White, who is married and has a daughter, is a semiretired insurance salesman who now sees generations connect at FAMOHIO (Family Annual Meeting of Hemophilia in Ohio), an annual statewide conference for families and individuals that provides education and networking. White, who also books bands (including the one in which he plays), has served as president of FAMOHIO since 2006 and continues to help plan the meeting.
In 2007, FAMOHIO offered a session called “Just for Men.” It drew older men with hemophilia, younger fathers, brothers and others. The stories they shared were very different, White says. But one message crossed all age categories: You are not alone. “There’s a world out there dealing with this,” White says. “There’s a strange, wonderful catharsis that comes with knowing that.”
Two decades ago White’s role in another support group was entirely different. A hemophilia support group at The Ohio State University Medical Center started out providing a place for sharing among two dozen men who were HIV-positive. As more and more men succumbed to death from AIDS, discouragement and despair set in. White describes himself as a “positive person.” “I was trying to lighten them up and be helpful, but I was running out of gas,” he confesses. “It was becoming a hospice situation.” The group disbanded after a few years.
For White, the men’s session at FAMOHIO 2007 had a therapeutic effect. “It was one of the first times in years that I’ve been able to voice anger, concerns and issues in a private, but shared, voice there,” he says. “It’s like a once-a-year support group that has amazing benefits.”
Adam Wilmers, 22, is pursuing a master’s degree in human resource management at Michigan State University in East Lansing. As an NYLI “graduate,” he recalls that at his last meeting in 2006, Ray Stanhope, NHF’s board chair, spoke to the group. “He talked about what it was like for him growing up with hemophilia—the difference in treatment then and how things worked when he was a kid,” says Wilmers, who has severe hemophilia A. “That was a really well-received session.”
When he sees older people with hemophilia, Wilmers says he thinks about the struggles they’ve been through and what they’ve accomplished through them. “I appreciate all they’ve done to get our community where it is today—that we have summer camps, for instance,” he says. Wilmers has spent many summers at Camp Bold Eagle in Michigan, most recently as a counselor. “That generation fought for that to happen, and our generation reaps the benefits. They fought for a local network of chapters to support their needs and our needs. We’ve got treatment centers because that generation needed a place to go for hemophilia care. So it’s almost like they’re the founding fathers of everything that has to do with hemophilia today.”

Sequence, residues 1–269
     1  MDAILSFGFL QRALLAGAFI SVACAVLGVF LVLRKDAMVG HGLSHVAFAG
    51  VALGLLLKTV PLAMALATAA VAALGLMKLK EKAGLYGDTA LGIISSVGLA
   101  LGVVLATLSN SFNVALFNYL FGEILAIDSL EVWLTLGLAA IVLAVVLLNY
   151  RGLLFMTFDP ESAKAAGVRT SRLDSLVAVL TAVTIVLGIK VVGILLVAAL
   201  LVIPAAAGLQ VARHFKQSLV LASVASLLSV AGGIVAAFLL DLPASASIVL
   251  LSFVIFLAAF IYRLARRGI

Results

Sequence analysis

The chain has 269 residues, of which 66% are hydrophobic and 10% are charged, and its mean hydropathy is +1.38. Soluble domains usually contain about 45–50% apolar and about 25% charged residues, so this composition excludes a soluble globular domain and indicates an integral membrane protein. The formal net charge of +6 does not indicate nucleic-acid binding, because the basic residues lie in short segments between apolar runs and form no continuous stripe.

Working with his chapter—he now serves on the board of directors of HFM—Wilmers says that a growing realization started dawning on him. “The older generation wants to connect with us.” To make that happen, the chapter provides opportunities in a variety of ways. One was an alumni dinner scheduled during a teen retreat. “Youth are very interested in the stories of that generation,” Wilmers says.
Phyllis Kandl, MA, of Newark Beth Israel Medical Center Comprehensive Hemophilia Treatment Center (HTC) in New Jersey, says that her role as a liaison between the generations is limited. “We can only give so much advice,” she says. “The younger generation wants to hear from the people who’ve been through it.”
As a program manager at the HTC, she finds ways for the generations to mix. Older adults come to some of the family sessions. “If we invited them on the premise that they’re going to help the younger families, they’ll come.” But the men don’t focus on their HIV or hepatitis C diagnosis unless they’re asked, she says. Instead, they provide a positive, hopeful picture of life with hemophilia.
“Most of our adults have jobs and are leading productive lives,” Kandl says. “The legacy they want to pass on is that you can live with the disease—don’t let it get in your way.”
“The generations have a lot more to speak to each other about than they would assume,” says White, the musician. “When they get together, the conversations are amazing.”